Suzuki GS750: Inspired by the Best, Built to Last

"If you are going to steal, then steal from the rich"; that could have been said by Robin Hood or by the chief engineer at suzuki as the GS750 was on the drawing board at Hamamatsu.

suzuki gs750 riding

The rich – in this case – were Kawasaki who, by 1976, had over a decade of experience with large capacity four strokes via the W and then Z series. And it’s from the air-cooled, DOHC Z1 that suzuki took their GS inspiration. With “bucket and shim” valve actuation, dual camshafts, and a robust roller bearing crank, the GS750 mirrored Kawasaki technology but with the benefit of time, improved on the overall package to make a 749cc machine that was an incredible first large capacity four-stroke foray.

At launch, it arrived with just one front disc brake and even wire-spoked wheels sharing showroom space with the outgoing two-stroke triple GT750-B, but the writing was on the wall for “strokers” and suzuki sold GS750s in their thousands.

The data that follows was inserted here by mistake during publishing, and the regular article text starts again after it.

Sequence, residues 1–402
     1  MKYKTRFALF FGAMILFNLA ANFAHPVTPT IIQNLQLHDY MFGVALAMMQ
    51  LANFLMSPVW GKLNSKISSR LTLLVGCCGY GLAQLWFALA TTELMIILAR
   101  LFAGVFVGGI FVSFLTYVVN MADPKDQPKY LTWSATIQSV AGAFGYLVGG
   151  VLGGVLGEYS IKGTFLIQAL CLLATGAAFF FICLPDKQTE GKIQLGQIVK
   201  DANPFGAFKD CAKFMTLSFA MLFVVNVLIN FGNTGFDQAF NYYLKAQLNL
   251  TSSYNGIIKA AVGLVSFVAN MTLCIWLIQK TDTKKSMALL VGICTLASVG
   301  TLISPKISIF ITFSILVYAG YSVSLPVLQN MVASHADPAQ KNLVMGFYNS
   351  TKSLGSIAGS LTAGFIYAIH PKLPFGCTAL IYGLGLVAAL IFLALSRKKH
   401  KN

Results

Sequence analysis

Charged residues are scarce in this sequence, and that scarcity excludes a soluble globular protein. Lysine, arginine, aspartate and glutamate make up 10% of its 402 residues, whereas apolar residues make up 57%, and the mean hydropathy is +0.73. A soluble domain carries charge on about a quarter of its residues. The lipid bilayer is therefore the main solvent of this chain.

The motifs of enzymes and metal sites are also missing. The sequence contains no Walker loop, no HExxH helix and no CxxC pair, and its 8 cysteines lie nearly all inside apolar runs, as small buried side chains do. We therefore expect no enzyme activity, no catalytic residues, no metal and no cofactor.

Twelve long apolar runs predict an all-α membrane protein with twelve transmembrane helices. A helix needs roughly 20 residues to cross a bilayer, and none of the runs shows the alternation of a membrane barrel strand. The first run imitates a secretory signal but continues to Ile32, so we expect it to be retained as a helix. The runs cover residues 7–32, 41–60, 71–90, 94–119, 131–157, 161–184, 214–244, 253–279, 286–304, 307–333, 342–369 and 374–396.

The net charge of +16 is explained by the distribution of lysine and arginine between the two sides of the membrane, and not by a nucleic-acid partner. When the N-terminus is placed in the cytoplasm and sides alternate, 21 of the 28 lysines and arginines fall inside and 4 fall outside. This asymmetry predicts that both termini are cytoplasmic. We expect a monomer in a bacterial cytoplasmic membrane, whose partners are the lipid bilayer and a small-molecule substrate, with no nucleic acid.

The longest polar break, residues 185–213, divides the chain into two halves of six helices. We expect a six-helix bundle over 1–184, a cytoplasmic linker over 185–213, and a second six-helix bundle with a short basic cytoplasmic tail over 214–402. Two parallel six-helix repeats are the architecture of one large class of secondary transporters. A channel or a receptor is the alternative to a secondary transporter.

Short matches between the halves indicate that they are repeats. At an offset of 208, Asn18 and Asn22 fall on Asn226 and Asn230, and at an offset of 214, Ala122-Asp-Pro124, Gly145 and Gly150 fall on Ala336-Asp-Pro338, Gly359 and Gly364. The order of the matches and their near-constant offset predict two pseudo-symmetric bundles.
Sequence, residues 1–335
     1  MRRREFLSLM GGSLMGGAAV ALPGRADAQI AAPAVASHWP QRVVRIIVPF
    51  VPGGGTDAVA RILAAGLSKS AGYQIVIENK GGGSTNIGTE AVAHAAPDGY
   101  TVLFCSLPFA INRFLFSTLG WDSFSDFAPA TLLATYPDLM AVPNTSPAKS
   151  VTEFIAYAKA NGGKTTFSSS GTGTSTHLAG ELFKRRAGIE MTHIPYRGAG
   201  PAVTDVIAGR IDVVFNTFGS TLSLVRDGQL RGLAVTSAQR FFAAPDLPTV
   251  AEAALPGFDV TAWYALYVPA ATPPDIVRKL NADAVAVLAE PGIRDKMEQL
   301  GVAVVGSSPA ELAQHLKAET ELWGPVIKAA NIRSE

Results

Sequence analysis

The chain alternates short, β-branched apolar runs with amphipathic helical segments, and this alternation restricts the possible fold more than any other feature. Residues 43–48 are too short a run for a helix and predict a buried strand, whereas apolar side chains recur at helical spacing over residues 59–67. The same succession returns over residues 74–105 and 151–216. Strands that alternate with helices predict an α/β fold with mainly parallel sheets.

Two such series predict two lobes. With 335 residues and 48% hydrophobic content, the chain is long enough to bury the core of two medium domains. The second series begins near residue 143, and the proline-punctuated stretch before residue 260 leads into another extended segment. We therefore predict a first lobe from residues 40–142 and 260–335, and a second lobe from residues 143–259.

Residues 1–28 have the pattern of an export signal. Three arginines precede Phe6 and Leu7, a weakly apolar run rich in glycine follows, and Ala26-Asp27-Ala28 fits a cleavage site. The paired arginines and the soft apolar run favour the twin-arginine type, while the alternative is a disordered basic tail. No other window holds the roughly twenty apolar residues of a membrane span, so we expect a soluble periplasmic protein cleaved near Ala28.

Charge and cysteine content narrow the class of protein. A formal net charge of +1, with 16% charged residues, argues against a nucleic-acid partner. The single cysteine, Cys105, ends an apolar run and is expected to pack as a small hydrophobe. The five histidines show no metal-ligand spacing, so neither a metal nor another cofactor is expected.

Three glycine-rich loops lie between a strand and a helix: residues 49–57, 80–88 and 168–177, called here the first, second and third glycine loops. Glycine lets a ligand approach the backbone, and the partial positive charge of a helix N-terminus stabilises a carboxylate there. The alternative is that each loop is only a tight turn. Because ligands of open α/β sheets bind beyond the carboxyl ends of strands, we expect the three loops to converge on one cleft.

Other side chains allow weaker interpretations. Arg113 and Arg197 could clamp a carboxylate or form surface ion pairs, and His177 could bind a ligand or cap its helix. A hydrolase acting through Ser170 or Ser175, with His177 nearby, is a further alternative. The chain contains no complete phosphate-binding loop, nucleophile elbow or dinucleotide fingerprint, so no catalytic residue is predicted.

A simple, relatively conservative (or should we say assured) design, the GS had all the right design vernacular. A fuel tank halfway between rounded and square, a tail unit behind the seat with a racy flip-up, and a great meter panel that put the aging Z1 instruments in their place – it even had the signature suzuki gear indicator that Kawasaki took a decade or more to add as an OE feature.

The 8-valve GS750 was gradually upgraded with cast wheels over wire spokes twin front disc brakes and more complex paint and graphics, but the essential core of the machine remained intact until 1980 when the GSX750 four-valve per cylinder came along and suzuki got into their stride.

At CMSNL we love the GS750 for its robust engineering and timeless styling. Whatever model you have we are your “go-to” supplier of a vast range of OE components. We cannot promise they’ll be a steal, but you will certainly strike a rich seam of parts when you search for GS750 on our website – so log in and get off to a winning start with CMSNL.

issued: Thursday, February 29, 2024
updated: Thursday, February 29, 2024

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